Black Hole, by Charles Burns

It isn't rocket semiotics, but it works
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The Independent Culture

A high-school kid keels over and faints after hacking open a frog in biology class, and within weeks a plague is moving through 1970s Seattle. Spread by sexual contact and fluid exchange, it attacks only teenagers. One grows a little tail. One begins to shed her skin like a snake. Some lose their noses; some get harelips; some degenerate into little more than skulls. Deformed and cast out, the victims retreat to tents in the woods and live a hand-to-mouth existence among their own kind. But something is stalking them there too...

That is one version of the plot for Charles Burns's Black Hole, a graphic novel published in 12 instalments between 1994 and 2004, and now collected in book form. But, brilliantly, it's not the important bit. By using the conventions of the teen horror genre - and its most common theme, the link between sex and corruption - Burns has created in stark black-and-white an exploration of the adolescent-pubescent psyche that rivals the best Bildungsroman in pure print. If there were any doubts left about the graphic novel as a serious medium, Black Hole should dispel them.

Burns is something of a legend among cartoonists. He went to college with Matt Groening, creator of The Simpsons, then drew for Art Spiegelman's seminal comic RAW for 10 years. In all that time, he barely changed his drawing style: he makes high-contrast, black-and-white panels of unearthly poise and detail, like a cross between the Sin City comics and Mad magazine. Both Spiegelman, the writer of Maus, and the venerable Robert Crumb are devoted to his work, and Black Hole, clocking in at more than 300 pages, is the longest, most detailed piece he has produced.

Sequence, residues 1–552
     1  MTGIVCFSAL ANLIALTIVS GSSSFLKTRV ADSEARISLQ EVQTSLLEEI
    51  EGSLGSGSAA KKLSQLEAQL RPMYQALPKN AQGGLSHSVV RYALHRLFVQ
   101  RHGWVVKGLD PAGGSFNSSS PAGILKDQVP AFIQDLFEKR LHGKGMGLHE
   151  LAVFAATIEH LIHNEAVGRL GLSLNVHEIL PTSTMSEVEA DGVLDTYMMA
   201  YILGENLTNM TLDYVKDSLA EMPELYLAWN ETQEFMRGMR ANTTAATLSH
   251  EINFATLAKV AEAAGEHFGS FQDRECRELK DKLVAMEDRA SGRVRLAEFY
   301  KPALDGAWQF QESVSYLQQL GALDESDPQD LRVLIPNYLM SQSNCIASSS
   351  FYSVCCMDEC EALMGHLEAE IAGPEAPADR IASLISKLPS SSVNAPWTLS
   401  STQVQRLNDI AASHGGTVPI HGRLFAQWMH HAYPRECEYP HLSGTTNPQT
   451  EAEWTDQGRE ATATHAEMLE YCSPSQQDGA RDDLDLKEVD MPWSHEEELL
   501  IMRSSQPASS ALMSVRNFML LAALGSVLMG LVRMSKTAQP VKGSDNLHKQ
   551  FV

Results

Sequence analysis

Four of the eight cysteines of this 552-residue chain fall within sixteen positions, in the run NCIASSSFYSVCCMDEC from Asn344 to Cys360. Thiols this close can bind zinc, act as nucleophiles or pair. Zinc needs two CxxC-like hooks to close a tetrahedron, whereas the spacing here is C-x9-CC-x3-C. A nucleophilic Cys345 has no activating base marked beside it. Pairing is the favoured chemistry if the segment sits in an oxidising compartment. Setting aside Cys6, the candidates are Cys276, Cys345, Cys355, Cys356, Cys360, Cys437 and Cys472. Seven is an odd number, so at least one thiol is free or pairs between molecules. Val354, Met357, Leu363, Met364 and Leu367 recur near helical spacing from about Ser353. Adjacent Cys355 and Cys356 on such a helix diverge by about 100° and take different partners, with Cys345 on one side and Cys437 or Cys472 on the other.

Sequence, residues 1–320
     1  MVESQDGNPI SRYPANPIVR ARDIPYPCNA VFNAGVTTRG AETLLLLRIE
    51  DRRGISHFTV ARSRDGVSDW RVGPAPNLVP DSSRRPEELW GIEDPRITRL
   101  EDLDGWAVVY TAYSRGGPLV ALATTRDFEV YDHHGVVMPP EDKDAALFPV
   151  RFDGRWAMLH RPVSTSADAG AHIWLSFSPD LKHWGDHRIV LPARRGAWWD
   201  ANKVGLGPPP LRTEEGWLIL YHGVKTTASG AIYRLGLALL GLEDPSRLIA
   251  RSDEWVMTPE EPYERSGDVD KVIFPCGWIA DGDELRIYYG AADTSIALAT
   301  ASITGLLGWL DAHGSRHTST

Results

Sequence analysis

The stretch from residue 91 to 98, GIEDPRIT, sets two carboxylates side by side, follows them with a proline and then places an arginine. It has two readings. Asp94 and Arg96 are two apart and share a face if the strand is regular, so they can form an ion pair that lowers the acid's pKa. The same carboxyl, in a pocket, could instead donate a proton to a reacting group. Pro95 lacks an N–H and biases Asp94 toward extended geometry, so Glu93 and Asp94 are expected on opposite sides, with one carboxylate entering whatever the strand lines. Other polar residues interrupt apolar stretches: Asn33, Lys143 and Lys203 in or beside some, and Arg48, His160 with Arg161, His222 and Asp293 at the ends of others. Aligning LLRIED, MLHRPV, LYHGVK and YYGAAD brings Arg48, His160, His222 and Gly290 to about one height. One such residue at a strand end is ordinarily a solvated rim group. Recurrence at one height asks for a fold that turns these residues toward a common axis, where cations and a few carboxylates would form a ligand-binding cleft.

Inescapably, the plague that stalks the teens reminds us of Aids; but it is as much an external figure for the emotional and intellectual transformations of adolescence. Burns never pushes the reader one way or the other. The kids drop acid, smoke doobies and talk about the bug like it was always there. Some can hide their deformities and pass for normal (some people always can); some have no chance of hiding it. The worst affected are the geeks, who hide in the woods, horribly scarred, dreaming of chess games and Kentucky Fried Chicken.

The book's otherworldly, detached style extends to the tacit vocabulary of symbol that runs through the illustrations. Branches intertwine to form the shape of a mouth or a vagina. A boy grows a thin-lipped, tiny mouth on his chest, while a girl cuts her foot in a dream and pulls a long, rolled scroll out of it. Snakes, guns and twining roots abound. It isn't rocket semiotics, but it is pervasive: the inescapable pressure of sex, and the pull towards adulthood, is stiflingly conveyed.

Comics writers have long bewailed public ignorance of the maturity of the genre. "Nobody explains to you what movies are," Burns complained in a recent interview. "Like: 'This is a moving picture, a motion picture that people enjoy watching. And it's got sound!'" Black Hole needs no excuses made for it: this depth of field just couldn't be done in any other medium. Read it and be converted.